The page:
If you believe that your breath and words draw on the power and vigor of the Creator, such that the Spirit of God speaks through you, you will thereby connect the words and the voice, and if in your thought it all derives from God's spiritual source, then the words give way to multiple thoughts and understandings, and the dibbur, the speech, explodes into multiplicity, for it is the speech of God.
In other words, holding an awareness of their divine source turns the spoken words into something much bigger and deeper and multicolored. Mindfulness of the divine source of everything opens the floodgates of meaning. The word embodies its full meaning; the fragment implies the whole.
(La Grande Jatte)
Side story. Over the winter holidays, my family set about working on a jigsaw puzzle. Seurat's Sunday Afternoon on the Isle of la Grande Jatte in 1000 pieces. As is not uncommon, the borders were quickly assembled, constituting by my math about 12.5% of the overall puzzle or 100% of the fun part. Then interest waned. The pieces lingered on the coffee table for a fortnight and were then returned to their box. Monday, at Oakland Airport, after passing through security, I went to put my shoes back on and, not unlike a sleepless princess fidgety from a pea 20 featherbeds down, I noticed some slight topography under my Dr. Scholl's insoles. I slipped my fingers in and found a single jigsaw piece. Blue. With dots. I put it in the outside pocket of my backpack and caught my flight. Two days later my sister and I went hiking in Placerita Canyon outside LA. At the furthest point of our route we sat down to rest. When we got up to head back I happened to look down. There was the blue puzzle piece, fallen out of my backpack. I grabbed it and wondered what would have happened had I missed it. A single puzzle piece, 400 miles from its origin. Who would find it and what would they ever make of it? How could they ever know what it was about or imagine the beauty of the painting it refers to?
(The Piece in Question)
I think this is how Rabbi Levi Yitzchak sees human language; and perhaps how I see each of us. We are isolated. So far from our origin. Each of us is a clue hinting at a larger picture, the way the puzzle piece implies the puzzle. With an awareness of holiness, of the divine pouringlike a fountain through each of us, we become less isolated, less bereft, and we begin to embody the whole of la Grande Jatte or a million other pictures in which we might figure, radiant in blue with dots.
So too in my standoff of stereotypes this week. I can stare at the tough across the table and simply stop there. But opening up to the holiness of our origins, or to some heart space that feels like that, I might perceive a deeper truth. Something about the life experience that drives someone to choose to show toughness rather than vulnerability. And the possibility that on deeper levels we're much more alike than we'd guess.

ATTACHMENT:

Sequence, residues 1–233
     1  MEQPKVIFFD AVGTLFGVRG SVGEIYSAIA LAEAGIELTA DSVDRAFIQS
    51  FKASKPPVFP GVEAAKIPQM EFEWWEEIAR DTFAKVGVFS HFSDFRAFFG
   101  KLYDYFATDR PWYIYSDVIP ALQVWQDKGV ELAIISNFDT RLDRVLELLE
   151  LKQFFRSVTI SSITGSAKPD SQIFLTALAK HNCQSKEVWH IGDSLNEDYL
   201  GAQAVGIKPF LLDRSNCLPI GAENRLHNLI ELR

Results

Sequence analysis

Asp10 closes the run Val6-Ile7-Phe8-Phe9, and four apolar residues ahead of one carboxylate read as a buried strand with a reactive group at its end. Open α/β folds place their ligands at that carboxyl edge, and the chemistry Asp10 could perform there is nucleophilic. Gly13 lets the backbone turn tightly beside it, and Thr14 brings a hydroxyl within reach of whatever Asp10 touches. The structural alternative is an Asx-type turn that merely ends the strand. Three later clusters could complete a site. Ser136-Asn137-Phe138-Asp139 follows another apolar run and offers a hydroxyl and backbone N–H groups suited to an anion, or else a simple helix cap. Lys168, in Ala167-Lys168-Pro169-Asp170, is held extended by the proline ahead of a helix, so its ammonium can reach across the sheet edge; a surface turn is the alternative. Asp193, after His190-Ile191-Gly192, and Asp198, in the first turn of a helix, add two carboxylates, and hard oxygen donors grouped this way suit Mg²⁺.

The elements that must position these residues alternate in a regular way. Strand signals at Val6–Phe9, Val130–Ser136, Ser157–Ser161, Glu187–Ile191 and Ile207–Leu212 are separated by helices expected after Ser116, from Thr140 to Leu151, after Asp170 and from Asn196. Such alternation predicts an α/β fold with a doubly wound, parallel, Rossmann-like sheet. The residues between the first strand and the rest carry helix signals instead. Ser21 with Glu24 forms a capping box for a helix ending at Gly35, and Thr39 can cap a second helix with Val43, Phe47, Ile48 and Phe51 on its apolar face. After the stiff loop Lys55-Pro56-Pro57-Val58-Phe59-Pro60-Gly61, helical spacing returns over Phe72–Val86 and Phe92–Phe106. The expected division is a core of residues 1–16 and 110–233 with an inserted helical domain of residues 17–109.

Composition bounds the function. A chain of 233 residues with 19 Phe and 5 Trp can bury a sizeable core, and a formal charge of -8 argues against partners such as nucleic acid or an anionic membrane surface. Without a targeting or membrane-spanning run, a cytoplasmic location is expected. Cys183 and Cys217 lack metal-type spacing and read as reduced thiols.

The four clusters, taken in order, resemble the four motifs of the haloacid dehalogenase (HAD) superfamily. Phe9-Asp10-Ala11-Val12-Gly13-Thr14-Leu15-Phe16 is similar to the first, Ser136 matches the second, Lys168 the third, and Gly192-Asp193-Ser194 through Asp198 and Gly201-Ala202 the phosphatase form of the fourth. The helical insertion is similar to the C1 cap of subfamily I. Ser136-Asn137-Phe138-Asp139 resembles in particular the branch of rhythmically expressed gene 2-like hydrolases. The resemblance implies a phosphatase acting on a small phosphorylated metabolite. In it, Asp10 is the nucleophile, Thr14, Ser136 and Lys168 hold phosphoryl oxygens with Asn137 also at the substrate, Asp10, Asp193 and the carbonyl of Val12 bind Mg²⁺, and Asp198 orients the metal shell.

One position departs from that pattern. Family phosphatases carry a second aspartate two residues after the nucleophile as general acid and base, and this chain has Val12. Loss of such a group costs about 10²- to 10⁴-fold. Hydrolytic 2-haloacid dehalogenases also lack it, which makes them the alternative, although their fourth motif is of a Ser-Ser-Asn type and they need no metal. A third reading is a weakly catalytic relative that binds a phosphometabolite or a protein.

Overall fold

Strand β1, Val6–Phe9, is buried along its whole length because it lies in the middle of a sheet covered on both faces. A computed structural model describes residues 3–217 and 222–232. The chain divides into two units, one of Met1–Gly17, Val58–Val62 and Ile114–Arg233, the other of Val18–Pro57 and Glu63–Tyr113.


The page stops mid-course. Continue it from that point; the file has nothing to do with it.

I may not be accurate in my speculations about this guy, but these intuitions are in themselves holy and, as Levi Yitzchak later suggests, they flow from the divine quality of rachmanut - or rachmones, compassion. The same spot on the Kabbalistic Tree of Life that is placed over the heart and gets to be nicknamed "truth."
If this connection to a greater truth is activated, then maybe it will work not just when I am reading the words or faces of others, but when I speak as well. Maybe it will allow me to convey more than the first impression I make, more than the stereotype I represent, more than the sum of my words. Maybe with it I could speak, even haltingly, like a tourist with a Berlitz, the Speech of Sinai. Maybe with it we could hear in each other a little bit of the kol, of God's voice, even if just for a moment.
May the Speech of Sinai come easily to our lips. So that when we speak to each other, our words lose their skins and dissolve into meaning, explode into possibility and tremble with holiness. And let us say: Amen.
Much gratitude to my chevruta partner, Reb Eli Herb of Durango, who stubborned through this difficult bit of Kedushat Levi with me, and to my sister, Lynn Keller, who made some key connections as we hiked and discussed God's voice.